From the TUC

Bank levy and/or Robin Hood Tax? FT supports one, ignores the other

12 Feb 2010, by in Economics

The Financial Times’ lead editorial today says that a global financial transactions tax is a non-starter, and then goes on to explain all the problems with a global bank levy – almost all of which would be solved by a global financial transactions tax. It ends, spilling the beans, by attributing to cynics the idea that the banks “have calculated that if they must concede something, insurance is the least-worst option.” I must be a cynic then, because that’s precisely what I wrote when bank levy fever swept Davos last month! And the Robin Hood Tax campaign launched this week (covered by almost every major news outlet apart from the Financial Times) will ensure that a financial transactions tax is anything but a non-starter.

The FT approach is odd, and seems designed less to inform their readers in the City than to comfort them. It doesn’t actually help top financiers not to know that a mass, popular campaign supports a financial transactions tax (FTT). Nor does describing the idea as a non-starter. The editorial starts off by suggesting that Gordon Brown’s proposal of an FTT last November isolated him – but in fact he was coming into line with the views of France and Germany’s leaders (as well as the Austrians, Brazilians, Ethiopians etc). That the FT dismisses any views other than those of the IMF and Tim Geithner may describe their prejudices accurately, but it’s sloppy reporting at best.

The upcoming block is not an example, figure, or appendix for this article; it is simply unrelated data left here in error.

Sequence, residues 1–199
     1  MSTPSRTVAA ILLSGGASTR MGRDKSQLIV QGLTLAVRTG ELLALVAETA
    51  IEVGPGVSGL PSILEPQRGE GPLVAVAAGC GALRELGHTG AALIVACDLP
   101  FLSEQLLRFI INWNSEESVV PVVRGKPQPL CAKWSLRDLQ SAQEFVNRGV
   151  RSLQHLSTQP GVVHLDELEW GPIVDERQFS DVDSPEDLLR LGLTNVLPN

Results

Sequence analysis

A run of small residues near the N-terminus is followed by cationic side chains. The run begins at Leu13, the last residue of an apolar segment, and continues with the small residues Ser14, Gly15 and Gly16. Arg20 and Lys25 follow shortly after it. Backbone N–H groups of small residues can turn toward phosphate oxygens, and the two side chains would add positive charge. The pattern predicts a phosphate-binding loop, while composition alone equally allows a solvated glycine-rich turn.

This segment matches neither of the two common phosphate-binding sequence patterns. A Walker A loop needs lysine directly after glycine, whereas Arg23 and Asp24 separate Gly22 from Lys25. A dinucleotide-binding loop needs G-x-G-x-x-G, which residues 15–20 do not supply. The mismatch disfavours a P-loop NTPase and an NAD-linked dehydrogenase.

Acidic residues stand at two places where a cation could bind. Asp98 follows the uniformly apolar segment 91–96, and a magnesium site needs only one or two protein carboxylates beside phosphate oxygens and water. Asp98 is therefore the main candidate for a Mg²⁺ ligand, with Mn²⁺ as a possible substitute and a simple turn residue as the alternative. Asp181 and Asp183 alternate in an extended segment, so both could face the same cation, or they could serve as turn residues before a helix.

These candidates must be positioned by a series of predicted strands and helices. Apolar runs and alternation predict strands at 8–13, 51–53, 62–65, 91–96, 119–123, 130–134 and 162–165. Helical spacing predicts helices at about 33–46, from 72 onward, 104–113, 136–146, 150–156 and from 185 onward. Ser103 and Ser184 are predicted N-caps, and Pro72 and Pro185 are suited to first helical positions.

Second, the arguments for an insurance levy (which we support by the way – it’s just not the complete answer) which the FT advances apply equally to an FTT, but the drawbacks identified do not. The FT says that there may be technical difficulties with a levy (far more, certainly, than a tax on the now entirely computer-based financial transactions), but that it has been managed in countries like Sweden, so is feasible (there are financial transactions taxes in at least 14 economies, too – including the UK’s stamp duty on share transactions). As a downside, the FT recognises that a bank levy would not be big enough to address all the problems caused by the global financial crisis – well, precisely. That’s why an FTT is necessary – its contribution of up to $450 billion a year would go much further towards dealing with the damage banks caused to everyone else, as well as their self-harm.

The Robin Hood Tax, which now has support from 66 organisations (including unions representing finance workers and tax inspectors as well as Greenpeace and the Salvation Army), is here to stay, and won’t go away, no matter how much the FT ignores us. Of course, people in the big banks already know this despite the FT’s silence. That’s why a Goldman Sachs banker tried to fix the vote on the Robin Hood Tax website on launch day. So that’s what their obscene bonuses are for – childish pranks and vote rigging!